The year: 2006. You, a college student, lose your mobile phone or otherwise render it unusable in some sort of Natty Light-related incident. Gone are all the contacts you’ve acquired in school since your first days as a freshman. (This was obviously in the days before iCloud or Google Contacts would save you.) But all is not lost: All those fellow students are on a new website called Facebook, and with its Groups feature, you can gather them all in one place to ask them to post their phone numbers. Problem solved.
In a way, this may have been the site’s first meme. Facebook probably didn’t anticipate Groups serving such a one-off, self-centered purpose, but soon this sort of group became a ritual for anyone on Facebook. People would create a group and pass along the story of how they lost their phone. At the same time, they’d often comment on the whole idea of people losing their phone and going on Facebook to desperately ask friends to get their numbers back. They too had joined Facebook’s legions of idiot phone-losers. And they acknowledged it.
It was a different time. When it was just a place for college students, everything on Facebook felt like it was taking place inside a fortress. You had to have a college .edu e-mail address to get in, and everyone inside of it were peers: people of the same age, going through the same things, still students yet to fully enter adult life. There were no parents, potential employers, or spammers looking in on what you were doing. It was an inclusive, intimate community. There were actually very good reasons to feel safe posting your phone number publicly and see it as a small step towards a new interconnectedness.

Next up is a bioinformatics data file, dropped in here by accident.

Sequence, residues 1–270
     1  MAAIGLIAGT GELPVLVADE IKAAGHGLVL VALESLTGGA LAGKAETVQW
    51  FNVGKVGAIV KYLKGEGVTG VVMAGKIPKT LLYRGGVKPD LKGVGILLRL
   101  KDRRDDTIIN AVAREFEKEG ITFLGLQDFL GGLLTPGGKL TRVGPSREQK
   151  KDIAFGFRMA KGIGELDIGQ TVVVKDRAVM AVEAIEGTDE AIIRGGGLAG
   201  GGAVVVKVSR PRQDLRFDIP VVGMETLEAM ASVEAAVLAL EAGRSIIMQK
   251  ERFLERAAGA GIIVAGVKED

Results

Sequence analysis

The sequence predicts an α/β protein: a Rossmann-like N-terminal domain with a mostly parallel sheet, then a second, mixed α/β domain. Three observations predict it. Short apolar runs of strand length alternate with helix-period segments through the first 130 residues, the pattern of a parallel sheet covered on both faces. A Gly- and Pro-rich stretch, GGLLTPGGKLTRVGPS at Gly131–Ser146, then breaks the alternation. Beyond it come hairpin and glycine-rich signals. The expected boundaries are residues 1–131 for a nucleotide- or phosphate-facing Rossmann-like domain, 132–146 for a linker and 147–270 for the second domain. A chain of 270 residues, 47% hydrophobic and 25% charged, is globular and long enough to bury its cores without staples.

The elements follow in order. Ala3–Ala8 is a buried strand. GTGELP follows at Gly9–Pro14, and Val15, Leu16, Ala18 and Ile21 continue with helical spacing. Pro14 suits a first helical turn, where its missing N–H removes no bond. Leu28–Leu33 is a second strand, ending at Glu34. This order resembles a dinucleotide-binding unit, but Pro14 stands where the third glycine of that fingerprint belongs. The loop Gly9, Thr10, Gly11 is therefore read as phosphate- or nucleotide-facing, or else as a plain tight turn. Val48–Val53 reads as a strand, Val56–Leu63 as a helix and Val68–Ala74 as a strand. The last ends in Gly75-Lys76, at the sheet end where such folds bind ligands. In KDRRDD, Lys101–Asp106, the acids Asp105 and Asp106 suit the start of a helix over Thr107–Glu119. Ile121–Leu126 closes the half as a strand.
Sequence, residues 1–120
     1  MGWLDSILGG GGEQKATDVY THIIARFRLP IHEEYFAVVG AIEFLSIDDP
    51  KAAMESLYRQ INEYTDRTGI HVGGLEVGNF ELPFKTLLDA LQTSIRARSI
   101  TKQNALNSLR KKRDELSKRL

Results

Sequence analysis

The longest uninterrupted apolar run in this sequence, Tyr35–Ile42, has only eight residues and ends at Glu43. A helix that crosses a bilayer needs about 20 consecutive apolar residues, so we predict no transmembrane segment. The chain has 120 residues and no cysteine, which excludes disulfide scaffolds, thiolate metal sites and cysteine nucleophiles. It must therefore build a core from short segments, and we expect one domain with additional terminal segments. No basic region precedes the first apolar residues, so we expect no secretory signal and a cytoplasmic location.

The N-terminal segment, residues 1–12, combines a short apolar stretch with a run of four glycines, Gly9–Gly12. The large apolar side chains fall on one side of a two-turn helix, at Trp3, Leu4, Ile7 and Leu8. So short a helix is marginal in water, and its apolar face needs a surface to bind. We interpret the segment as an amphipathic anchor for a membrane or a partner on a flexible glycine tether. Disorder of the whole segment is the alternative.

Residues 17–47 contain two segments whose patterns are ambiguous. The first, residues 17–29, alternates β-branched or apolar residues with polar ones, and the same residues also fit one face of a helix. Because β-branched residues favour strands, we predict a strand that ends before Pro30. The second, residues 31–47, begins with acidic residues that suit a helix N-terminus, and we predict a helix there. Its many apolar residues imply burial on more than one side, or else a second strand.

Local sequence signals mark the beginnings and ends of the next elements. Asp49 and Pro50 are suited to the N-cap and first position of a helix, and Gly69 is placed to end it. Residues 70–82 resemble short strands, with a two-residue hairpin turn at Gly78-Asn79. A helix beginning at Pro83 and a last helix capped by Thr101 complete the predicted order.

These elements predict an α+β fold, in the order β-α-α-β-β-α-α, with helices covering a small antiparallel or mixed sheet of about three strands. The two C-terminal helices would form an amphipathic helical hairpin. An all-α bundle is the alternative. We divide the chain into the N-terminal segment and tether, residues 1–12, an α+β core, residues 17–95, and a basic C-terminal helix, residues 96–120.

Today, most people no longer feel comfortable posting their number in public on Facebook or asking their friends to do so. According to a poll last week, most of the site’s users trust Facebook “only a little” or “not at all.”
Of course, old Facebook still exists on Facebook proper. But the walls have come down and everything we did in the early days of the site has been exposed. Even though the social network eventually abandoned Groups — small, often rather inactive groupings of people centered around campus clubs or inside jokes — in favor of Pages, which have more of a professional appearance appreciated by public figures and businesses looking to have a public face on the social network, inactive groups were archived. Their membership, except for the group creator, was expunged. What remains in the backwaters of Facebook is a huge graveyard of hollowed out, vacant groups littered with posts left there half a decade ago or more by pioneer users. Overnight, the famed “One Million Strong for Barack” Facebook group from the 2008 election was depleted of its titular user base.
What this means for lost-phone groups is that at least many thousands of phone numbers are sitting out there in abandoned Facebook groups, attached to the full identifying information of each number’s owner.